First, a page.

co-authored by Dr. Stephen Bryen, CEO Ziklag Systems In politics, as in many other fields, there is always a desire to protect the leader. One way i...
co-authored by Dr. Stephen Bryen, CEO Ziklag Systems Now we know that among world leaders, NSA allegedly spied on Angela Merkel's mobile phone. We d...
It's important for parents to realize that just because you have parental controls on your computer, that doesn't mean your child is safe from online criminals. There are dozens of ways your kids could be targeted online, but here are the ones most likely to happen in your home.
Now that biometrics have officially gone mainstream with Apple's new fingerprint scanner on the iPhone 5S, does this mean that our privacy is even more at risk from snoopers, hackers, and identity thieves?
These days it is getting more and more difficult not to be a conspiracy theorist. If you are concerned about security, especially mobile phone security, the amount of angst has risen by now to unprecedented levels.
The digital age offers us immense opportunities to hone our detective skills, to observe our colleagues in an entirely new, not necessarily flattering light, and also presents tremendous challenges in terms of how we use that information.
The reality is, there's never been any such thing as online privacy. Just because the website you're on has a lock symbol in the address bar, doesn't mean it's 100 percent safe. Here are four ways you didn't know you could get hacked.
Pen and paper have largely been replaced by digital documents and cloud storage, yet law enforcement agencies and courts have had trouble honoring the Fourth Amendment in a world increasingly devoid of "papers and effects."
When you find yourself as a progressive liberal on the same side as Rand Paul and a whole lot of Tea Party activists and a large part of the Republican House caucus, the words "think again" might come to mind.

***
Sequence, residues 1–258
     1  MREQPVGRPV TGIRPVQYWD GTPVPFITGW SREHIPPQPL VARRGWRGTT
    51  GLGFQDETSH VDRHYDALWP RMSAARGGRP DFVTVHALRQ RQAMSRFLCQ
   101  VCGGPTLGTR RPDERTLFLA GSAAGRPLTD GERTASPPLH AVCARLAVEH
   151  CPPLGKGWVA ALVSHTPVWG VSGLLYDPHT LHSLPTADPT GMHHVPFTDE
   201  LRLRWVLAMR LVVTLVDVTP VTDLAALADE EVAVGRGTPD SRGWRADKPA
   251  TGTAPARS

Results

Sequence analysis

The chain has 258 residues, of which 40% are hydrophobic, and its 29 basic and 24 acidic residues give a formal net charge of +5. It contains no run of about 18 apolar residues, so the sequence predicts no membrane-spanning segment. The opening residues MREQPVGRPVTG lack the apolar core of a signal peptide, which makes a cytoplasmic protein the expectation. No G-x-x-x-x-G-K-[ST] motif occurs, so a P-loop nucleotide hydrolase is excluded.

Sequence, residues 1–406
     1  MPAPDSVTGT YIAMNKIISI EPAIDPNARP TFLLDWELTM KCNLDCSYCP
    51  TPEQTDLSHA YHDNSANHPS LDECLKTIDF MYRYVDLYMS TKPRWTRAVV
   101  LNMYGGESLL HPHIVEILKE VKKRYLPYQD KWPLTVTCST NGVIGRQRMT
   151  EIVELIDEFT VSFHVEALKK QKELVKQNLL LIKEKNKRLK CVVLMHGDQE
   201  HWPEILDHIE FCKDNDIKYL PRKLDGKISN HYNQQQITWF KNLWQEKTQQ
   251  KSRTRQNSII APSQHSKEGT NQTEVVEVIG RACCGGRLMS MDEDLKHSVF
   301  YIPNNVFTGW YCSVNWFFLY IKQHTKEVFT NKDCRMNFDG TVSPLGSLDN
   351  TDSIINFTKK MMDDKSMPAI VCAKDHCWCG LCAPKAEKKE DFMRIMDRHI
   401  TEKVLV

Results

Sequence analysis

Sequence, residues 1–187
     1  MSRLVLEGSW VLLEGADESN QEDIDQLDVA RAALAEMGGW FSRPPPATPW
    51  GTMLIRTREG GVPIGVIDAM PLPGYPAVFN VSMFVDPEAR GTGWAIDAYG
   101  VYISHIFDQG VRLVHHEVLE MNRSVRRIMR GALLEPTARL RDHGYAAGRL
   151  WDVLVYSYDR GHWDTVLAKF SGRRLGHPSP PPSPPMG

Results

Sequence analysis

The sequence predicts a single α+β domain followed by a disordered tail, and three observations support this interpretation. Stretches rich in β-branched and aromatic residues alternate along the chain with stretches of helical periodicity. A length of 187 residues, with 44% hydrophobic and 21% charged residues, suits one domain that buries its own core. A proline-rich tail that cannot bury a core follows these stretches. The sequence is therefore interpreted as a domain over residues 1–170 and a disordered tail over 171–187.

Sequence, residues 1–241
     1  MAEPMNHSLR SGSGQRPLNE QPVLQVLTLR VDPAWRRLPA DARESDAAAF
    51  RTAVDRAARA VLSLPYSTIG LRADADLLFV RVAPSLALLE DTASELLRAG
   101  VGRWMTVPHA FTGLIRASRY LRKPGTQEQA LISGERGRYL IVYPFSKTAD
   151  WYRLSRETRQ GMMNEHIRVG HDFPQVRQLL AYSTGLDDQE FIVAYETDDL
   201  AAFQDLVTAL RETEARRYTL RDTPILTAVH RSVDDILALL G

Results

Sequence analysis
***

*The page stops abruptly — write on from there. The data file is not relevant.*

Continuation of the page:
If you suspect that someone may be tracking you, examine all the apps on your device to see if there any that you didn't install.
There is something very important missing from the coverage of Mr. Weiner's truly unfortunate conduct: He is not alone.
Even if our phone is turned off, a hacker or intruder may have the means to turn the phone back on without letting you know. You won't see the screen light up or any other activity on the phone. But ON it is.
Mobile hacking is a growing threat that consumers need to take seriously. This is especially true for work phones and for anyone who uses mobile banking or saves financial or sensitive information on their smartphone.
The Washington Post has a new article out, "Secret-court judges upset at portrayal of "collaboration' with government." And the article does report t...
I took the opportunity to check in with some of my fellow Americans to see what they're thinkin' these days. It's pretty complicated if you ask me. As usual, there's no hope for liberals, always wantin' to help people.
No matter what President Obama and China's President Xi Jinping agree this week, China will not stop cyber espionage.